Hey, guys, I love myself some superior-quality foodstuffs now and then, as my continued presence at and visits to brewpubs, farmers' markets, cheese shops, and Whole Foods might imply.
But in a city where far too many residents find themselves dependent upon the supremely-ironically-named "Independence" food-stamp cards and their benefits, suggesting that we substitute what in my case was an $8.50 turkey for an equivalent-sized $85 bird from Springfield Farm, well, that ranges somewhere between absurdity and supreme idiocy ("Free Bird," Feature, Nov. 21). Especially when brining my $8.50 turkey turned it into near-orgasmic culinary delight, and the gravy made from the frozen gravy packet stuffed into the bird and its later pan drippings created perhaps the best gravy I've ever had anywhere.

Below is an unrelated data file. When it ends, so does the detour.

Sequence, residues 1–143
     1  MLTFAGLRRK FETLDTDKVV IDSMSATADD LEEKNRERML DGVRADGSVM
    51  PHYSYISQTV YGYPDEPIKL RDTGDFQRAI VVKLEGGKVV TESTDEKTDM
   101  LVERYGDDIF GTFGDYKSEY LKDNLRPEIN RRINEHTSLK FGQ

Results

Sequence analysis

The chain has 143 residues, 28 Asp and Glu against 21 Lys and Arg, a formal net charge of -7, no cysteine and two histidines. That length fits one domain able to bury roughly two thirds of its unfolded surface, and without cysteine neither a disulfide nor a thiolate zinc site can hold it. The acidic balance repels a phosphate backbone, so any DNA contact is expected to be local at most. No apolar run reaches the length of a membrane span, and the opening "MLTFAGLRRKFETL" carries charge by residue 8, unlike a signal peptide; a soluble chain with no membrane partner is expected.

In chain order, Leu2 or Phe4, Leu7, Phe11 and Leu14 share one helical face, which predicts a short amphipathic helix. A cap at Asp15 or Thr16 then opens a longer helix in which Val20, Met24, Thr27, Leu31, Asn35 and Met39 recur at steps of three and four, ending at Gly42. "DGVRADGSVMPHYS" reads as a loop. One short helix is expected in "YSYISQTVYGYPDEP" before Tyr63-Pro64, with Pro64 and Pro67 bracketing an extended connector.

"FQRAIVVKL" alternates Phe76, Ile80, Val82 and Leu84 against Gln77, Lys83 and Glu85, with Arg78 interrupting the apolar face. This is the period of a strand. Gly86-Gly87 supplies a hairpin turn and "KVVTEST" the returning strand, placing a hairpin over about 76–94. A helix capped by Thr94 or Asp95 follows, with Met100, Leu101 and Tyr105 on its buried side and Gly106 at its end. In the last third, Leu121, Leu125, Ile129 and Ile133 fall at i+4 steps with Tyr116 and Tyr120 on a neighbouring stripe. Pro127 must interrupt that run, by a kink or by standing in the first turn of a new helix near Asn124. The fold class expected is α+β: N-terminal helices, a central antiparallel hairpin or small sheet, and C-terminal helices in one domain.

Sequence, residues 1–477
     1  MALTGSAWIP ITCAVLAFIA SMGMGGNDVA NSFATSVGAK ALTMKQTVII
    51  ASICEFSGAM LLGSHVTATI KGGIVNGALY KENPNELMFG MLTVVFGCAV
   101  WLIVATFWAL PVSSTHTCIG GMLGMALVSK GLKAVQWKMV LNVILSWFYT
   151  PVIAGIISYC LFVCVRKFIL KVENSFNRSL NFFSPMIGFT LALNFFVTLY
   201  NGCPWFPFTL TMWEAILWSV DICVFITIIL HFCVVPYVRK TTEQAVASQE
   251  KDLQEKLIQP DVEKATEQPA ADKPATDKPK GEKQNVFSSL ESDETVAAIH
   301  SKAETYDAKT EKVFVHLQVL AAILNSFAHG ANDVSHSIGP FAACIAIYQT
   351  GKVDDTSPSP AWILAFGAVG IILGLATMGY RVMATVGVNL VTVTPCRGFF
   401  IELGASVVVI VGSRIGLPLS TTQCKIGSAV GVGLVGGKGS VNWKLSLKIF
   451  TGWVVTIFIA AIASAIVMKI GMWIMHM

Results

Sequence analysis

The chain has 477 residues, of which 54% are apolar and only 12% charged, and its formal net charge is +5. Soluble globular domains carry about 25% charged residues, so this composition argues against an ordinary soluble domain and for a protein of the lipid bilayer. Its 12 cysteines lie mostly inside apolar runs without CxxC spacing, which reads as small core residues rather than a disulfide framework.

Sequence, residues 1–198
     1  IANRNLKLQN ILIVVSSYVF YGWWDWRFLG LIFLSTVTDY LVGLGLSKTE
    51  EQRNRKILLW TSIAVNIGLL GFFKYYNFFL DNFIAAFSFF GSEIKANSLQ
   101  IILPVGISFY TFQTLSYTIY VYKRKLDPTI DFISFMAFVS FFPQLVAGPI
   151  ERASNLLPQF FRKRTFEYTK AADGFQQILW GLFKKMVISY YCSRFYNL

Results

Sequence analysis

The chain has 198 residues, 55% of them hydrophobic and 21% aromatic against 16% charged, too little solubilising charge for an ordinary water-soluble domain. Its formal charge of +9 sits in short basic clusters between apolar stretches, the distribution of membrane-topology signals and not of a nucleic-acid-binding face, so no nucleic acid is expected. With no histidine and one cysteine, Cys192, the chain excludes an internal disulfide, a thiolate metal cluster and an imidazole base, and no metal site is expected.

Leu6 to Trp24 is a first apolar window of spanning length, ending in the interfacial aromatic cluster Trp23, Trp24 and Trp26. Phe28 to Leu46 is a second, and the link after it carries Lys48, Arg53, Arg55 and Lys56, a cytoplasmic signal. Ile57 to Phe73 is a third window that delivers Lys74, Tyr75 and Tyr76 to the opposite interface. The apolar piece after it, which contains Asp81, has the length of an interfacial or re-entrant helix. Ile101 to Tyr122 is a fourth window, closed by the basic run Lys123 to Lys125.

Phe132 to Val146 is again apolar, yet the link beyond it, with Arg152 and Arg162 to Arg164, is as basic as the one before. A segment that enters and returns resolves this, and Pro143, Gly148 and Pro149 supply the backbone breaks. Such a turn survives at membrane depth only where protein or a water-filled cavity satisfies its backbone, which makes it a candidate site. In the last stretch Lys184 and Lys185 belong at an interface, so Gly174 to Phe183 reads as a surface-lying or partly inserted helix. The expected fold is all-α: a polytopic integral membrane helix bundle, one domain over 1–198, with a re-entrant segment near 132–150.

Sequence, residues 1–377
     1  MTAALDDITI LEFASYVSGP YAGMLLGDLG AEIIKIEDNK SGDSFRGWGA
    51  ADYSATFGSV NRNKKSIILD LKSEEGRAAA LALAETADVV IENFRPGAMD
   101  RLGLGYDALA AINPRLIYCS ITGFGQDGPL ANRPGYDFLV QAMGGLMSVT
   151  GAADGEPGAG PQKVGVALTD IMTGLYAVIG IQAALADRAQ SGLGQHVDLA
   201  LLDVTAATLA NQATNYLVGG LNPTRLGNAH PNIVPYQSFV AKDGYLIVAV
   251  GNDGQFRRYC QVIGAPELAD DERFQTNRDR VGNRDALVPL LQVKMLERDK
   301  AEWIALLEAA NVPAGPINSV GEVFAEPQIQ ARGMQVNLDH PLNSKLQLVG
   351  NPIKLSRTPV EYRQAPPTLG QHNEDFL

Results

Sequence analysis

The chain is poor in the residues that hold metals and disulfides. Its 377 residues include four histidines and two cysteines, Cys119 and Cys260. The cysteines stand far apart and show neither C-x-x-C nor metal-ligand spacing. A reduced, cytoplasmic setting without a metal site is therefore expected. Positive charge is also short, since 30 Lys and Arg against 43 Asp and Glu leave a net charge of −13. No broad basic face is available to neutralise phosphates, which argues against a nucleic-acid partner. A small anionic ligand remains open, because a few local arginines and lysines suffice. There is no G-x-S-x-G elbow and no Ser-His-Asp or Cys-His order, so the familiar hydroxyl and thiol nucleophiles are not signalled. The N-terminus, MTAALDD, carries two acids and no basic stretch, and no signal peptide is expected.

And as much as I want to support the organic, principled-eating, sustainable, non-factory-process, humane, etc. manners of eating, the entire movement will simply never be taken seriously by the folks who perhaps are in the greatest need of its benefits, as long as there's this fundamental disconnect between making food good and making it affordable.